Likewise, energy consumption related to work and leisure has significant impacts and both may or may not be green. Environmentally friendly energy use consists of 100% renewable and low carbon electricity, heat and lighting, with energy efficient materials in addition to the sustainable use of ICT. Recent research shows that heavy use of ICTs – computers, telephones, artificial intelligence, blockchain and the “internet of things” – is causing serious damage to nature.

Electronic appliances

Since all kinds of electronic devices are made of chemical elements, precious metals and various materials such as plastic and glass, while connecting to the internet, sending e-mails and using “social media” only increases data traffic on the network – the use of ICT in teleworking can result in more greenhouse gas emissions than expected. Indeed, emissions are increasing exponentially, not only in the use but also in the production and disposal of ICTs.

The more environmentally friendly the use of energy related to work and leisure, the more remote working becomes an ecological alternative. Again, if workers prefer, work organization facilitates and employers encourage clean energy consumption, remote working (even telecommuting) will be sustainable.


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These three factors become more crucial when remote work is performed from home as teleworking, as the energy consumption related to work and leisure will be closely linked to the use of ICT. Otherwise, workplace employment has the ability to be more environmentally friendly than remote working, provided that working conditions, workers’ habits and the employer’s point of view prioritize a environmentally friendly energy consumption.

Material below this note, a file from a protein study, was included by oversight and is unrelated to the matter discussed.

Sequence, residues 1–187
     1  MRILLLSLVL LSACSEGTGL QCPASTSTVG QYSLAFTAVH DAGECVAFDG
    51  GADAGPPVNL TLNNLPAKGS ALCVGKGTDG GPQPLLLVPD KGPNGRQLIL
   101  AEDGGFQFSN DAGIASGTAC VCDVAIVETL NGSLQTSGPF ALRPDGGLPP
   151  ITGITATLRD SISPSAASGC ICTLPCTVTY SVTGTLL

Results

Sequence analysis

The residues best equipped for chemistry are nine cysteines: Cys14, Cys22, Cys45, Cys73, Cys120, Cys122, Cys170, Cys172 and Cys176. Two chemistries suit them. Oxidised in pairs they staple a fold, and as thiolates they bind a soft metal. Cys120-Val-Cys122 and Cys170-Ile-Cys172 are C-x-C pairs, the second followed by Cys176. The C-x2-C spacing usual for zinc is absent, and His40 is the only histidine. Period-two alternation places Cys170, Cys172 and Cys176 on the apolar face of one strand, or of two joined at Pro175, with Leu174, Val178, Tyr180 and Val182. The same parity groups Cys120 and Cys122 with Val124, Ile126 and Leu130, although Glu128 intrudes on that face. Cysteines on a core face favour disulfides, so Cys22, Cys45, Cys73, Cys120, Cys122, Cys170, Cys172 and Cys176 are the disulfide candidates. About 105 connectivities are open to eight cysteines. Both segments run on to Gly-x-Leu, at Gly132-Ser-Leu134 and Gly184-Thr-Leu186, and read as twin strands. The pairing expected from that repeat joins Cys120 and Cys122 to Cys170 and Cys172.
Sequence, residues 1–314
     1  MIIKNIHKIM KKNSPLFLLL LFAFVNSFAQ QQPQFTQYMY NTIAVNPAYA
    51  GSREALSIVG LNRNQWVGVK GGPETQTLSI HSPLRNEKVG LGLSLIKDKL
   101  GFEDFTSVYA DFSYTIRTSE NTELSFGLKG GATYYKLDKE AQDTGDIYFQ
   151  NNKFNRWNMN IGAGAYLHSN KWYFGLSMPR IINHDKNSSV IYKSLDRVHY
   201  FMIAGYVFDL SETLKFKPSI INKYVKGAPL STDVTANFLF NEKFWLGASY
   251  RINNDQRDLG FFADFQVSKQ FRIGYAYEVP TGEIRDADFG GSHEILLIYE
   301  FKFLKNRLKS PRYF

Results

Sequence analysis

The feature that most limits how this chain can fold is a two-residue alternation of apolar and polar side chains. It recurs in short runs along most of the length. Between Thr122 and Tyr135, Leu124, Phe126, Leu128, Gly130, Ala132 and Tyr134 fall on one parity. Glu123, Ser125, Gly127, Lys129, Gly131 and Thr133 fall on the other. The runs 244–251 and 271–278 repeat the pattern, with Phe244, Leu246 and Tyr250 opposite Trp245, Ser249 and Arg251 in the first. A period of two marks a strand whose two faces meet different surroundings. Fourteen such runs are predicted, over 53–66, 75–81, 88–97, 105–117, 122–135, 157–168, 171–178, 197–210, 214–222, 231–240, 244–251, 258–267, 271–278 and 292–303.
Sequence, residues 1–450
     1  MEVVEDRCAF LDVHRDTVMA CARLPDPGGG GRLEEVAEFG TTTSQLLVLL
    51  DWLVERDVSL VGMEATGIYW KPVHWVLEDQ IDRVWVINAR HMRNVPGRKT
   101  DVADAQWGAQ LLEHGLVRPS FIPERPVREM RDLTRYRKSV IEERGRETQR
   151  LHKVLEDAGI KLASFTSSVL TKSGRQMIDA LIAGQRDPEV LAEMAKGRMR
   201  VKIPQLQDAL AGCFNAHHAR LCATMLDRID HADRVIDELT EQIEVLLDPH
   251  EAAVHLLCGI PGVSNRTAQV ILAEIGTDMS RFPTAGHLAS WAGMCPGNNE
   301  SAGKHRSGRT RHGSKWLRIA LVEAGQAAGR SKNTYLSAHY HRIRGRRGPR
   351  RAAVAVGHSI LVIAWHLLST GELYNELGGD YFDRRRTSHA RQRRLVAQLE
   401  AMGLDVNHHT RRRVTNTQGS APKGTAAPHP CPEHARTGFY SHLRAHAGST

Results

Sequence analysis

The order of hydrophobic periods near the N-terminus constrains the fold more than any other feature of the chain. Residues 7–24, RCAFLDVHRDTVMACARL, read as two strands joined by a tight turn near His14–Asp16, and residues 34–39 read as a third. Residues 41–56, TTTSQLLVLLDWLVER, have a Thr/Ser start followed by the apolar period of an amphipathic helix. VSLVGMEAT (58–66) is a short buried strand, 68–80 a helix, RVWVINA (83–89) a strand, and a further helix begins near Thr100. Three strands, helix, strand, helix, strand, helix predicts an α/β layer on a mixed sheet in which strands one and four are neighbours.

Required conditions

Overall, working remotely has the potential to reduce greenhouse gas emissions, but it is not a green employment alternative. in itself. The requirements are:

  • energy consumption for work and leisure should be drastically reduced and come from 100% renewable, efficient and low-carbon energy;
  • environmentally friendly transport should be favored for work and leisure;
  • tools and work equipment must not harm nature by being recyclable and durable;
  • awareness and skills of workers and employers should be improved through training and education in sustainability;
  • there should be no excessive workload and ultra-flexible working hours, and the right of workers to disconnect should be recognized and implemented in a fair manner;
  • environmental / climate risk assessment should not be ignored when organizing remote work, and
  • there should be fair legislation that respects nature, court decisions, government and workplace policies, supported by trade union organization.

These conditions are not exhaustive but all are essential. As we race against time to alleviate the climate crisis, all types of employment and work organization must contribute to ecological sustainability. A change of mentality is urgently needed for decent, goods-free and carbon-free work, with a work culture that values ​​nature and work rather than profit.

telecommuting, ecological

Selen Uncular is a lawyer and doctoral candidate in labor law at Pompeu Fabra University, Spain. She is the author of a book on the protection of workers’ personal data, lişkisinde İşçinin Kişisel Verilerinin Korunması, and is interested in collective action, ecological sustainability and international labor law.